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HOW TO: creating encrypted folders in openSuSE

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linux-howto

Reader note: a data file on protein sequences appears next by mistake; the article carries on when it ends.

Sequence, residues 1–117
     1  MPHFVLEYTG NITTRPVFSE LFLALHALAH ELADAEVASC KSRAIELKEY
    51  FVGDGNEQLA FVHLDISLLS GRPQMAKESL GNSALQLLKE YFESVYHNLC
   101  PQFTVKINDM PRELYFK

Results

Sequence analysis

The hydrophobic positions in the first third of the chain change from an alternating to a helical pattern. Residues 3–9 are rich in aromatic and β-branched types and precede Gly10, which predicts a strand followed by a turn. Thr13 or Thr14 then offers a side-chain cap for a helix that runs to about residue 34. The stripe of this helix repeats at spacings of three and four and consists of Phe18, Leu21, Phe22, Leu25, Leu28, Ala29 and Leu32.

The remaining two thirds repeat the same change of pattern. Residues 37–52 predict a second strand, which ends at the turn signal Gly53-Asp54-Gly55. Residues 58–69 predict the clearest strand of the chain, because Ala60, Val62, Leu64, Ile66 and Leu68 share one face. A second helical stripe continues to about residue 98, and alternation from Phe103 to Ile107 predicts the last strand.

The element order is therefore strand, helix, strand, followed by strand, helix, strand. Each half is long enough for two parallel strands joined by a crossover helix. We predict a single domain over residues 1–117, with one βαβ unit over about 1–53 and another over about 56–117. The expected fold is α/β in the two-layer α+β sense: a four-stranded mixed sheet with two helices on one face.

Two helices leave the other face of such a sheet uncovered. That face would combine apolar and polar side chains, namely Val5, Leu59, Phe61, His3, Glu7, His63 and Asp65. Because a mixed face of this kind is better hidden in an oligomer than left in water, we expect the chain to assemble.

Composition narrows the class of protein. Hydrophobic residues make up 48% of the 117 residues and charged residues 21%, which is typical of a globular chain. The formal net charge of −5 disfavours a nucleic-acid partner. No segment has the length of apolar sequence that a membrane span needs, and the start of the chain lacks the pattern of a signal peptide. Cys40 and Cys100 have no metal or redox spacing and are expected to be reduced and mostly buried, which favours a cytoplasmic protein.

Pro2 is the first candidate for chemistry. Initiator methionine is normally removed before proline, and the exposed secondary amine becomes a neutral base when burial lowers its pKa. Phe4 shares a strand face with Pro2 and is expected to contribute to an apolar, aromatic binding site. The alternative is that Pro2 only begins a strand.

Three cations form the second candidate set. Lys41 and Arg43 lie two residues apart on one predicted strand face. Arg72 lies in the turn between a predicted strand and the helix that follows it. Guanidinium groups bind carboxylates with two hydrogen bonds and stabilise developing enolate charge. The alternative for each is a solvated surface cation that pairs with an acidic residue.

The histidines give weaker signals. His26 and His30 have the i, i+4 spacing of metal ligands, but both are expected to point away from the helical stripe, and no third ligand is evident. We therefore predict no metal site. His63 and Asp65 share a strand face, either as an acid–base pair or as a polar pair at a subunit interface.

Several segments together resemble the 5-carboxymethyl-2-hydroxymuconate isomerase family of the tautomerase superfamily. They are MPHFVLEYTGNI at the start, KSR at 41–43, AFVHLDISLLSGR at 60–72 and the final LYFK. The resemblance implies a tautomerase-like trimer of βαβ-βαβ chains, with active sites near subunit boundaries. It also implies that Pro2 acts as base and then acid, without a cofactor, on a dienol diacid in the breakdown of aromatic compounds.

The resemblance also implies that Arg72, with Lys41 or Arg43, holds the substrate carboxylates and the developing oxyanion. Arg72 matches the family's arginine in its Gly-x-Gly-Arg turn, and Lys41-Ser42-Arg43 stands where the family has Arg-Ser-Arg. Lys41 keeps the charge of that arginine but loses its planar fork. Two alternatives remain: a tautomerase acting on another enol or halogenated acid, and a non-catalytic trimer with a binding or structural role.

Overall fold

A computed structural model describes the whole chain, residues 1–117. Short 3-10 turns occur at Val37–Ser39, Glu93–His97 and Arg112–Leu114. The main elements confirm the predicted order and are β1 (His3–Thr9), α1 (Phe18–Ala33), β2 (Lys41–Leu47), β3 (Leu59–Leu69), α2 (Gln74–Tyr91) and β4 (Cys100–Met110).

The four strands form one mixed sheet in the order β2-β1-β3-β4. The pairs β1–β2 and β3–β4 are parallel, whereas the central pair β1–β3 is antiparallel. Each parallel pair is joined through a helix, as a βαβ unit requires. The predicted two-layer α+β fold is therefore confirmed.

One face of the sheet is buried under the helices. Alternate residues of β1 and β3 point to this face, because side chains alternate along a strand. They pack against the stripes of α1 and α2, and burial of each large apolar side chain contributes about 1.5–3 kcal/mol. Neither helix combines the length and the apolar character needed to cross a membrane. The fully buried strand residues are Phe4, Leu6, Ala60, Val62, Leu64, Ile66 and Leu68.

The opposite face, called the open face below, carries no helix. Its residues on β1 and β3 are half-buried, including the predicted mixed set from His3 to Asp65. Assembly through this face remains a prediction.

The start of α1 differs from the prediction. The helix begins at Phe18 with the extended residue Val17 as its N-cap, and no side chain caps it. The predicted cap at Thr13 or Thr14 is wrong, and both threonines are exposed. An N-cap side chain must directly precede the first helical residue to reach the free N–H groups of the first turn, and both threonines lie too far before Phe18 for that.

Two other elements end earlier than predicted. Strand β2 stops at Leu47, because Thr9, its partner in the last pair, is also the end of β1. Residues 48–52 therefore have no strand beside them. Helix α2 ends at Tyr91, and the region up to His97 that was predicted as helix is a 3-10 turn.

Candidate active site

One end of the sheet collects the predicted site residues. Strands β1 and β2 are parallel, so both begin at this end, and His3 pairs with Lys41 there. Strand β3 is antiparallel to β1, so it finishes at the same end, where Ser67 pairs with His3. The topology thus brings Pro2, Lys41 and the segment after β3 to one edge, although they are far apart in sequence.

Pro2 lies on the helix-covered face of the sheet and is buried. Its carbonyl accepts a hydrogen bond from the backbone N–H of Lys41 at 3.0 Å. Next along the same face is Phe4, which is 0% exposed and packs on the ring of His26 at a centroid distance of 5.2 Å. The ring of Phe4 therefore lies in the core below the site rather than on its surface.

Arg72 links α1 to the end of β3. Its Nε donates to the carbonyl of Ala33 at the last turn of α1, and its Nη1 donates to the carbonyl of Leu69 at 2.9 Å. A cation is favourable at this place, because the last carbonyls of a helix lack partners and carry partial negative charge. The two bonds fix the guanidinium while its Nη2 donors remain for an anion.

http://forums.opensuse.org – In one of those polishing-up activities, after you've gotten all your major stuff working on your new installation, you might want to establish some encrypted file space, to store all your personal and financial data. You could encrypt the whole system, but I like to just encrypt a folder or a small partition. Back in Windows, I used PGP, so my question was, what do I do now? A little program came to my rescue: encfs. This is the command line part, along with fuse, that together actually create an encrypted space where I can put my data. Now if you are doing this with a KDE desktop, I need only tell you to look up and install encfs, fuse, and K-encfs from the repository, using the software installation tools, and you should be good to go in the KDE gui environment. Which would mean the how-to would end here. If you are using Gnome (and other desktop environments), you could just install K-encfs, and it should just work. But, it will also install the KDE overhead (libraries) it needs to run. I wanted to keep this installation a bit "cleaner", and not start installing KDE libraries. In the Debian world, a sweet little utility named Cryptkeeper has been written, so for Debian, or Ubuntu, this operation is just as trivial as K-encfs for KDE is with openSUSE. You just make sure encfs, fuse, and Cryptkeeper are installed from the repository, and you open and use Cryptkeeper. It steps you through everything you need to do to create and use an encrypted folder, and simply gets it done. And, it has a nice little taskbar icon to let you monitor the status of your encrypted drives (mounted or not-mounted). Once you've created an encrypted folder, mounting it is as close as the click of a mouse button. But the Cryptkeeper author only uses deb installation files. Which leaves a small blank space on Gnome in openSUSE. What I did to get Cryptkeeper's gui in Gnome on openSUSE was use Alien to create an RPM. First I downloaded the Cryptkeeper deb file from the Debian repositories (you could also use the Ubuntu repositories). A link to both can be found on the Cryptkeeper home page: Tom Morton's beloved Website!. Then I installed Alien from the openSUSE repositories. Using Alien on the deb file worked without a hitch. Double-clicking the resulting Cryptkeeper rpm opened it in the software installer, and installed without any issues. And it is working. Cryptkeeper appears on my menu in the Security category. I click the menu icon, and I've got my little taskbar icon (a set of keys). Now, instead of going to a terminal session, and entering encfs yada-yada, I left-click the taskbar icon and get a mini-menu to import, create new, or open existing encrypted folders. In normal usage, after you've created an encrypted folder, you can click a checkbox here to mount it, and uncheck it when you're done to unmount. As for other desktops, I expect that the rpm created this way might work. However, I would be more confident that installing K-encfs will work for you, since the openSUSE folks have already gotten that in the repositories. You'll also get whatever KDE support infrastructure (libraries) that K-encfs relies on, but you'd get some Gnome stuff with Cryptkeeper, also. So, either way you'll get some filespace overhead. But, it is a nifty little program, works very cleanly, performing a valuable function. Possible problems: not being a member of the "fuse" group. People have, in the past, reported issues with this, and some say you need to create a fuse group and become a member for this to work. In 11.2, I have no "fuse" group, and I'm not a member of the "fuse" group. And, it works marvelously. I doubt that you will have such a problem, as my guess is this is an issue out of the past (older kernels, older versions of Cryptkeeper, etc.). If I recall correctly, I had to make myself a member of the "fuse" group in Debian Lenny (which is an older kernel, etc), after which it worked fine. (Distributions)